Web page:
With the unique look of the film (which I'll speak more of in the transfer section), a great cast, and an energetic pace set by Director John Huston, 'Moby Dick' is a classic film. It may not have lit up the screens upon its initial release, but like so many other films that have been deemed "classics," 'Moby Dick' requires reevaluation. If you're already a fan of the film, you're already well aware of the impressive merits of the film. If you haven't seen 'Moby Dick' since high school or for a number of years, it's a long time past due for you to take another look at this film.
The Blu-ray: Vital Disc Stats
'Moby Dick' arrives on Blu-ray courtesy of Twilight Time. Pressed onto a Region Free BD50 disc, the disc comes housed in a clear sturdy Blu-ray case. Also included is a booklet containing stills and an essay by Film Historian Julie Kirgo. The disc loads directly to a static image main menu with traditional navigation options.
If you've only ever seen this film on home video, you may have some errant preconceptions about how the film is supposed to look. That said, when you take into account how it was presented theatrically, you'll quickly understand that 'Moby Dick' hasn't looked as it should have since it was first issued on home video. For the first time on any home video format, 'Moby Dick' arrives with a properly desaturated 1080p 1.66:1 transfer that replicates the appearance of the original Technicolor theatrical prints. Before anyone starts decrying the lack of color or the saturation levels and the lack of primary pop, understand this is entirely by design as the film was originally intended by Director John Huston and his Director of Photography Oswald Morris. Their goal was to have the film look like old 18th-century whaling prints. There is even a credit at the opening given as "Color Style Created By" given to Oswald Morris and John Huston. To that end, I enjoy the look of this presentation immensely as it fits the tone and mood of the story. The previous home video releases always appeared too bright and colorful for such a dark tale of revenge. On top of restoring the proper color of the film, it's apparent that a lot of work went into restoring the image as numerous instances of debris and scratches have been removed. Throughout, there is a notable amount of film grain allowing for some decent close up and middle range detail levels to the surface. Some sequences due to baked in focus issues as well as the climatic scene have always looked a bit soft, but nothing too terrible for a film of this vintage. All around this is a beautifully ugly presentation that fits the tone of the story perfectly and finally replicates John Huston's intentions for the film.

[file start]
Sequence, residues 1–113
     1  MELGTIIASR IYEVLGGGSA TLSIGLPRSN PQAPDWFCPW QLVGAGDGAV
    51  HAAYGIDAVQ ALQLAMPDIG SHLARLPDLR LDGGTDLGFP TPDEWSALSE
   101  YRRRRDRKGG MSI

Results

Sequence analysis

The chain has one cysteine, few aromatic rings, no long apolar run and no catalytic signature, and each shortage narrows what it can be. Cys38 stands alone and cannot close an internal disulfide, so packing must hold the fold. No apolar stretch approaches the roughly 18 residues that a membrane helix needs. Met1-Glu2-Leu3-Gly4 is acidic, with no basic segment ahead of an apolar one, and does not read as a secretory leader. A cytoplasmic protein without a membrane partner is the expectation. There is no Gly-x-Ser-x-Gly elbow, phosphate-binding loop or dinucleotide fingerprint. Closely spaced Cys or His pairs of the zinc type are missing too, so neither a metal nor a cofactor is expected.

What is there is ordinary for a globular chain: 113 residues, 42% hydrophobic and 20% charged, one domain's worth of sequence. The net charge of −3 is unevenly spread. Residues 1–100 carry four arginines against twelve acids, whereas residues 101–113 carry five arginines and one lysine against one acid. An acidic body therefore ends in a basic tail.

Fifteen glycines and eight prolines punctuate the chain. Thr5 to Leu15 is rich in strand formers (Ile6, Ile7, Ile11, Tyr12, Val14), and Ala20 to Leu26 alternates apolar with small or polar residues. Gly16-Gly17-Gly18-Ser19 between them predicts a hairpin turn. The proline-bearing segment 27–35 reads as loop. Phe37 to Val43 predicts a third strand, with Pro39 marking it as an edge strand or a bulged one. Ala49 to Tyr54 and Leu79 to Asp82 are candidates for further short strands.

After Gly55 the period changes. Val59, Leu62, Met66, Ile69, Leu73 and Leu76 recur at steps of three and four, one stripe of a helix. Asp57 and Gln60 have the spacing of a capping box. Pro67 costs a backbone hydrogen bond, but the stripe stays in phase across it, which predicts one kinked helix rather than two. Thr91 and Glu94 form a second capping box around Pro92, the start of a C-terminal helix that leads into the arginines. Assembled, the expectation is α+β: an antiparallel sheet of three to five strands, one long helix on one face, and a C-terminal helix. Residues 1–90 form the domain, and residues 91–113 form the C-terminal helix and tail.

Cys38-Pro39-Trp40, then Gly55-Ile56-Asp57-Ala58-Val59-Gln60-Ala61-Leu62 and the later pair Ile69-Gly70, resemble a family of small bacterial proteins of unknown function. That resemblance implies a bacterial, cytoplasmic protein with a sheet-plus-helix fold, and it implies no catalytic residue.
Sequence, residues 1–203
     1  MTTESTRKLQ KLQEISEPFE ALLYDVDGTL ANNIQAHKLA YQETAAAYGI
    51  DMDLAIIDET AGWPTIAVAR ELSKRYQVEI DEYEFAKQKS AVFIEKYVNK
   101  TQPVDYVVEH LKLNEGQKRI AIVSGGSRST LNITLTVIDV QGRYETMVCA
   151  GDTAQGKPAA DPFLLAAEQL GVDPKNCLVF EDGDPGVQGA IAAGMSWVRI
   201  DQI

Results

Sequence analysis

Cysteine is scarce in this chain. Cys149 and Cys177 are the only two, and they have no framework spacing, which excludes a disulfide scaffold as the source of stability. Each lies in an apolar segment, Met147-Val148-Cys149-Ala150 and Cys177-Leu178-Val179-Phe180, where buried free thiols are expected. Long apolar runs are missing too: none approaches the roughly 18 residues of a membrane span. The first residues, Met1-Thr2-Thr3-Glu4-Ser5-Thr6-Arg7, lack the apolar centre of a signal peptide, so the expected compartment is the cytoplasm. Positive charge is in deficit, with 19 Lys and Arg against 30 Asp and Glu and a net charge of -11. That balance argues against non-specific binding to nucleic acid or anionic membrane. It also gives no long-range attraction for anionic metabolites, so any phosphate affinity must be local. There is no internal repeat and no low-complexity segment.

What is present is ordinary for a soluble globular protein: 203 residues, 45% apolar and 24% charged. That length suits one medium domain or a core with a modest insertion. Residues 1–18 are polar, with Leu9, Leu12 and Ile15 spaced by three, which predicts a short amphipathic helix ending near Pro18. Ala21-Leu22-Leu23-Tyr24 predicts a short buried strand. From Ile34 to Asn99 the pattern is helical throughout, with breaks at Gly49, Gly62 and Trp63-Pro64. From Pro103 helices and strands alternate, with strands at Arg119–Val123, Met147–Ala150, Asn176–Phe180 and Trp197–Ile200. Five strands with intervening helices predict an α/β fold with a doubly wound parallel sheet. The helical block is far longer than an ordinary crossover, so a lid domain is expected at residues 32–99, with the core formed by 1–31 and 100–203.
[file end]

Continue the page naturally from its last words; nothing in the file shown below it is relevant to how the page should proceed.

'Moby Dick' is presented with a clear and effective English DTS-HD MA 1.0 mono audio track. Considering the action sequences and the number of scenes shot on the open ocean, this mix is very impressive. There is a constant sense of atmosphere and dimension as the waves crash around the ship, the men shout their orders, and the beautiful adventure score from Phillip Sainton fills each scene. Dialogue is clean and clear throughout as each actor is clearly heard while Richard Basehart's narration sets up a number of scenes. Imaging while limited to the mono limitations does offer up an impressive sense of movement. All of the key elements are beautifully layered to deliver a fantastic audio presentation without any distortion. Free of any age-related issues, this is a near-flawless audio mix.
Audio Commentary: Film Historians Julie Kirgo, Paul Seydor, and Nick Redman offer up an entertaining and interesting commentary track. It's clear that these three are fans of the film as they provide plenty of historical information about the production but can't help themselves from gushing over their favorite moments.
A Bleached Whale: (HD 5:41) This is a fascinating if too short look at what went into recreating the intending look of the film. Greg Kimble narrates the 8-month restoration effort to not only clean up mold and damage and realign the duplicate negative elements, but also the process of using archival Technicolor prints as a guide for the proper color timing.
Theatrical Trailer: (HD 3:13)
'Moby Dick,' the white whale of classic film releases finally comes home to Blu-ray with the recreated coloring as it was always intended to be viewed. The film is a grand adventure film with an ever-poignant message about obsession. It may not have been received well by critics during its initial release, but time has done this film a favor as it features a grand scale and wonderful performances and direction. Twilight Time gives this film the justified treatment it's long deserved with a freshly restored image transfer, a wonderful audio mix, and some interesting supplementary material. There's not much left to say other than to call this release of 'Moby Dick' highly recommended.